Keywords: Serpentes, Dipsadinae, Atractus albuquerquei, variation, distribution.


RESUMO

Atractus albuquerquei Cunha & Nascimento, 1983 era conhecida apenas do holótipo procedente do leste do estado do Pará e de 15 espécimes dos estados de Rondônia e Acre, no Brasil. Registramos aqui 23 espécimes adicionais provenientes dos estados de Rondônia, Goiás, Mato Grosso e Mato Grosso do Sul. Estes exemplares ampliam a área de distribuição conhecida de A. albuquerquei, para além do limite sul da bacia amazônica. O holótipo de A. albuquerquei é redescrito e a variação intraespecífica da morfologia externa, dos hemipenis e da coloração dos exemplares estudados é analizada. Foi detectado dimorfismo sexual no comprimento total do corpo bem como no número de ventrais (maior nas fêmeas) e de subcaudais (maior nos machos). Foi notada uma correlação significativa entre o número de escamas subcaudais e a longitude (que diminuem de leste para oeste) em ambos os sexos.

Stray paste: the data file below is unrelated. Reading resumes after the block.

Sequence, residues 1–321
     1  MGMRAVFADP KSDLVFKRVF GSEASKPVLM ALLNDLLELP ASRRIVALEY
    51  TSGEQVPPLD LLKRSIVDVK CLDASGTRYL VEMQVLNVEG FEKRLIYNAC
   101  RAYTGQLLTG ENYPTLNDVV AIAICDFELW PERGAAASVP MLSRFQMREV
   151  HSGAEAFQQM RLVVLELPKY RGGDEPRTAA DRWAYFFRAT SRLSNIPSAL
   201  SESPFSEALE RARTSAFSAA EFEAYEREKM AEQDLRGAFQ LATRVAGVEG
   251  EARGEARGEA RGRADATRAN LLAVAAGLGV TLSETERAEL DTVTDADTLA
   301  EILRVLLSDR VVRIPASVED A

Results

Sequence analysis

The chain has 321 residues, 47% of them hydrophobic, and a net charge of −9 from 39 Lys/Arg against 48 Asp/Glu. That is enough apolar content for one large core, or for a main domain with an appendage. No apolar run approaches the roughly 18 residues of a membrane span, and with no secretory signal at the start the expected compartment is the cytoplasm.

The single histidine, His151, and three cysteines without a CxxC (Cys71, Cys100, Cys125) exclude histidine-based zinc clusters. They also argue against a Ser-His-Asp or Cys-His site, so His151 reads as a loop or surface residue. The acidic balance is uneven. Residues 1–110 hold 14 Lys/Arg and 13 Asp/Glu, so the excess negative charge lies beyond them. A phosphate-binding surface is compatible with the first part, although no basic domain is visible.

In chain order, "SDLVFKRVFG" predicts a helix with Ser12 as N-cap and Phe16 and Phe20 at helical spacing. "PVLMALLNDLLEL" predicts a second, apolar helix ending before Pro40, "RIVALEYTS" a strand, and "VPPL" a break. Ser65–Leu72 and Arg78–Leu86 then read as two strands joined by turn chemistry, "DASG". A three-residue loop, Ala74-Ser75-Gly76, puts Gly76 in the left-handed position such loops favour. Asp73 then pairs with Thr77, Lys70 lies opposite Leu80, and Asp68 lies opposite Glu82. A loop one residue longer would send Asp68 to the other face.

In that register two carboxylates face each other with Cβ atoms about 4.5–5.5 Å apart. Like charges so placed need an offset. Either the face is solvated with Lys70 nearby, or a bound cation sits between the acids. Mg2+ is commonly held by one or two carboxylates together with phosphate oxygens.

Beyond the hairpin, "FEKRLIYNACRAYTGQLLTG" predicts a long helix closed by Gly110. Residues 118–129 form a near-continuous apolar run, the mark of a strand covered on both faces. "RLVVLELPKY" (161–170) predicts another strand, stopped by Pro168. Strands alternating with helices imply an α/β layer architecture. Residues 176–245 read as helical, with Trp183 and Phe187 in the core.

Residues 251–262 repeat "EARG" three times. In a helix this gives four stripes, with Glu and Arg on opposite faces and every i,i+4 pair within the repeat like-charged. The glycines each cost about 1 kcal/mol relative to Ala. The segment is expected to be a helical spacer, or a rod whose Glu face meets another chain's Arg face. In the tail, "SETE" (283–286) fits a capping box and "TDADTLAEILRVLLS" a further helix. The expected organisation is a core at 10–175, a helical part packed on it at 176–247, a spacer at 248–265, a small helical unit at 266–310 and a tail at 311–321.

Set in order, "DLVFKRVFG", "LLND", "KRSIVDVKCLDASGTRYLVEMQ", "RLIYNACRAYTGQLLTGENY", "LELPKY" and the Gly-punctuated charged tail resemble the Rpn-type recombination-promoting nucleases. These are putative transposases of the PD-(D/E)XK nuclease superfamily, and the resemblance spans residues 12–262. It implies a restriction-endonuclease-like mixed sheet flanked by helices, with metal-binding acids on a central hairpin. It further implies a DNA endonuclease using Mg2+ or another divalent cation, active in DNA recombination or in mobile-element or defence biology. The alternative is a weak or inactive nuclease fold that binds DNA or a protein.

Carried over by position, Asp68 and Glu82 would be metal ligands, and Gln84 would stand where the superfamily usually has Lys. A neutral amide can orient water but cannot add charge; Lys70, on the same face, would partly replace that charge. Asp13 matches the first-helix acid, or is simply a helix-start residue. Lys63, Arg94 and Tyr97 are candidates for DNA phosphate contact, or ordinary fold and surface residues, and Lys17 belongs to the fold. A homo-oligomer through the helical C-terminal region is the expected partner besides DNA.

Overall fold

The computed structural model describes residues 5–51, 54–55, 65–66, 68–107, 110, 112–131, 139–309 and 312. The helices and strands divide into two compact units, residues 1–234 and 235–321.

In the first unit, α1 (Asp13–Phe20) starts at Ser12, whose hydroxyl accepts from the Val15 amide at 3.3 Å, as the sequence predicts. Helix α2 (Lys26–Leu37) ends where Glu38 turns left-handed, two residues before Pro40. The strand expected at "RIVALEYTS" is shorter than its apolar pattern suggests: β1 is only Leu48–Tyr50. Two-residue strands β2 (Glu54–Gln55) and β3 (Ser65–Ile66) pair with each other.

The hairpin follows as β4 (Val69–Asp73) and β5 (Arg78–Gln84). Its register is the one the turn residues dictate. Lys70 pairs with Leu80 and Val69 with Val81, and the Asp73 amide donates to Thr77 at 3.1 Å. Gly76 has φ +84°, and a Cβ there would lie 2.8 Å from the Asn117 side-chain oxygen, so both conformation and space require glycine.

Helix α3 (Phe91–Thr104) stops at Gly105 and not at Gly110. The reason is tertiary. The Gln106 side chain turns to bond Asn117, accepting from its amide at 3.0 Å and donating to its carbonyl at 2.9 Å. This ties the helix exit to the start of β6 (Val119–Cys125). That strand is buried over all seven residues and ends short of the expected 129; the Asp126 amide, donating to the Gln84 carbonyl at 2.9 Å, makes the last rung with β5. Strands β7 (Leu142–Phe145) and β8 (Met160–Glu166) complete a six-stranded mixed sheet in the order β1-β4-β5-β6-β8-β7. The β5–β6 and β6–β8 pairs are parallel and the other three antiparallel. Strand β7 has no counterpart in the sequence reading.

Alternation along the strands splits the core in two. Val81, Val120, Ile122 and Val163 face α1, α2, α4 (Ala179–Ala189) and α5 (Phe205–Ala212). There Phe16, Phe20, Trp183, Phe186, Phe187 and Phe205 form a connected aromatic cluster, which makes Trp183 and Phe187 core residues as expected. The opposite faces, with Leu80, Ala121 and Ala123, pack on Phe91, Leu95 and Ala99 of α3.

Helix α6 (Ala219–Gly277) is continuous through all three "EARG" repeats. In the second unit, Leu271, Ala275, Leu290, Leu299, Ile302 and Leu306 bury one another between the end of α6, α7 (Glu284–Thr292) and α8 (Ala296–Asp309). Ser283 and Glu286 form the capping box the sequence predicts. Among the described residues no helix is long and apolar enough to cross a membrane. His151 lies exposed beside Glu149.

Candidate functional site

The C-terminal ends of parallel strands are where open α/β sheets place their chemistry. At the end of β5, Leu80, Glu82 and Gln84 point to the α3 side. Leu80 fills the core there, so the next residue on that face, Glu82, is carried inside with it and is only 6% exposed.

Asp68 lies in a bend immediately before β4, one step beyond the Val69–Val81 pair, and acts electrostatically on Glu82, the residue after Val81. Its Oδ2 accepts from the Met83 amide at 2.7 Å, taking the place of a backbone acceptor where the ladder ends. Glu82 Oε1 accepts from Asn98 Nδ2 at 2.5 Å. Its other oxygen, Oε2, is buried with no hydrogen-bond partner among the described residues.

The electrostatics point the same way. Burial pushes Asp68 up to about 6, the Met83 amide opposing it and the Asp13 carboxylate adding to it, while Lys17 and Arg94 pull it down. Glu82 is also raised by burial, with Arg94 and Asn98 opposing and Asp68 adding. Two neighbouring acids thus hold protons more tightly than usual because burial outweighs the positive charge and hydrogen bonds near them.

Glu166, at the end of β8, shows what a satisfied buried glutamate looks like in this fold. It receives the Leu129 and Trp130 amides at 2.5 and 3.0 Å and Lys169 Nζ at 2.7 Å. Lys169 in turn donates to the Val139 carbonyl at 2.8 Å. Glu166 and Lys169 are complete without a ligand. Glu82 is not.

Palavras-chave: Serpentes, Dipsaedinae, Atractus albuquerquei, variação, distribuição.


 

 

INTRODUCTION

Species of the neotropical colubrid snake genus Atractus are known to be poorly represented in museum collections (Myers, 2003), although there are exceptions (e.g. Atractus reticulatus). As a result, knowledge of the natural history, morphological variation, and geographical distribution of most species of Atractus is far from satisfactory. Atractus albuquerquei is one of the many species of this genus that has been recorded only sporadically after its formal description by Cunha and Nascimento (1983). These authors based their description on a single specimen from Vila Nova, a locality near the river Timboteua, in the vicinity of Paragominas, in the eastern part of the state of Pará, Brazil.